The use of single-nucleotide polymorphism maps in pharmacogenomics.


Journal Article (Review)

Single-nucleotide polymorphisms (SNPs), common variations among the DNA of individuals, are being uncovered and assembled into large SNP databases that promise to enable the dissection of the genetic basis of disease and drug response (i.e., pharmacogenomics). Although great strides have been made in understanding the diversity of the human genome, such as the frequency, distribution, and type of genetic variation that exists, the feasibility of applying this information to uncover useful pharmacogenomic markers is uncertain. The health care industry is clamoring for access to SNP databases for use in research in the hope of revolutionizing the drug development process. As the reality of using SNPs to uncover drug response markers is rarely addressed, this review discusses practical issues, such as patient sample size, SNP density and genome coverage, and data interpretation, that will be important for determining the applicability of pharmacogenomic information to medical practice.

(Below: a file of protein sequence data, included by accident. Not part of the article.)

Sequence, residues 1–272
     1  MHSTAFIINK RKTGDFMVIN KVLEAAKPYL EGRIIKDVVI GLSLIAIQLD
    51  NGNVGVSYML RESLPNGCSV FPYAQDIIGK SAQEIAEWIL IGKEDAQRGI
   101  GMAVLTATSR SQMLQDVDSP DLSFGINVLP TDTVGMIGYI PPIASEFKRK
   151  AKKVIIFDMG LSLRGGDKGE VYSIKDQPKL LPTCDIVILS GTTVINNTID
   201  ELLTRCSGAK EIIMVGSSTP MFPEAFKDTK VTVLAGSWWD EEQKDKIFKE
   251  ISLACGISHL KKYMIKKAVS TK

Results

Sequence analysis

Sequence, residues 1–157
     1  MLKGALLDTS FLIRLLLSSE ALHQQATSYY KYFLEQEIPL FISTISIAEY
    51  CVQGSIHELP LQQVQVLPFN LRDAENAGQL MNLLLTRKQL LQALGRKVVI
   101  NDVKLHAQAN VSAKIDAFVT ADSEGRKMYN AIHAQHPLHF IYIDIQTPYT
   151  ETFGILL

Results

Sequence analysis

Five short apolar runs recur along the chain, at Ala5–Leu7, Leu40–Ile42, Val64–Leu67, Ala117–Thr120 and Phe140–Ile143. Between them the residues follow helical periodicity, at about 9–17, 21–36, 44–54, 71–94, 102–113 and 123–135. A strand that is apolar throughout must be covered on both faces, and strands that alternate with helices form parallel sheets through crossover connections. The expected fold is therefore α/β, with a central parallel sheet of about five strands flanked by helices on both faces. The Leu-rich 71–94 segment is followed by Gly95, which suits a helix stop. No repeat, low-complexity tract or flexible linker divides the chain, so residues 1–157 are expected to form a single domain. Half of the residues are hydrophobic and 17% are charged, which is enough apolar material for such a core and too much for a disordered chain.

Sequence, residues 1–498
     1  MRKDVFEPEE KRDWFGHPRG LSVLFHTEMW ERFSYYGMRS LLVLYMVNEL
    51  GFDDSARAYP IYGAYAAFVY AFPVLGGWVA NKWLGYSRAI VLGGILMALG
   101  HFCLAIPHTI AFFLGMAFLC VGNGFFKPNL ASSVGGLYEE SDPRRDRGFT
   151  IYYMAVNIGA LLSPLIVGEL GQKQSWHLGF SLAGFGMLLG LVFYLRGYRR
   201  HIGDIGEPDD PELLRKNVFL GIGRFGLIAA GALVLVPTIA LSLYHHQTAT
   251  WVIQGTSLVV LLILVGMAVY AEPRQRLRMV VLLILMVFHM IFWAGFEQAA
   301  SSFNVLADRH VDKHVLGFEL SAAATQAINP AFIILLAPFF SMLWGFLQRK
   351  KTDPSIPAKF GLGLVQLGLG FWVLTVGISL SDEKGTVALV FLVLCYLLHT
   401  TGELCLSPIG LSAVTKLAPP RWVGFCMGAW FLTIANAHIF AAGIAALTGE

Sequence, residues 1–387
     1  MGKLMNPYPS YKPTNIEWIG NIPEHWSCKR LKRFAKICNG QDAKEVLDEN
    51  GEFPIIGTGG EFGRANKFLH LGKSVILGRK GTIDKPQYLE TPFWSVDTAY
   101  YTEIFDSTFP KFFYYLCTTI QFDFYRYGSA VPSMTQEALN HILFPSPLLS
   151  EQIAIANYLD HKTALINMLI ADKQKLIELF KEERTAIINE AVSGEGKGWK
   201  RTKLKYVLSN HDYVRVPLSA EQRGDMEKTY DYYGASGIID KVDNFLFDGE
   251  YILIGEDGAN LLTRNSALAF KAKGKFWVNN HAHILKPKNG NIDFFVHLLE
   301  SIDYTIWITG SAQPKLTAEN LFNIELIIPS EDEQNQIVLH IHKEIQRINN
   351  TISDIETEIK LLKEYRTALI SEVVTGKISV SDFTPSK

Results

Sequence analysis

Full Text

Duke Authors

Cited Authors

  • McCarthy, JJ; Hilfiker, R

Published Date

  • May 2000

Published In

Volume / Issue

  • 18 / 5

Start / End Page

  • 505 - 508

PubMed ID

  • 10802616

Pubmed Central ID

  • 10802616

International Standard Serial Number (ISSN)

  • 1087-0156

Digital Object Identifier (DOI)

  • 10.1038/75360


  • eng

Conference Location

  • United States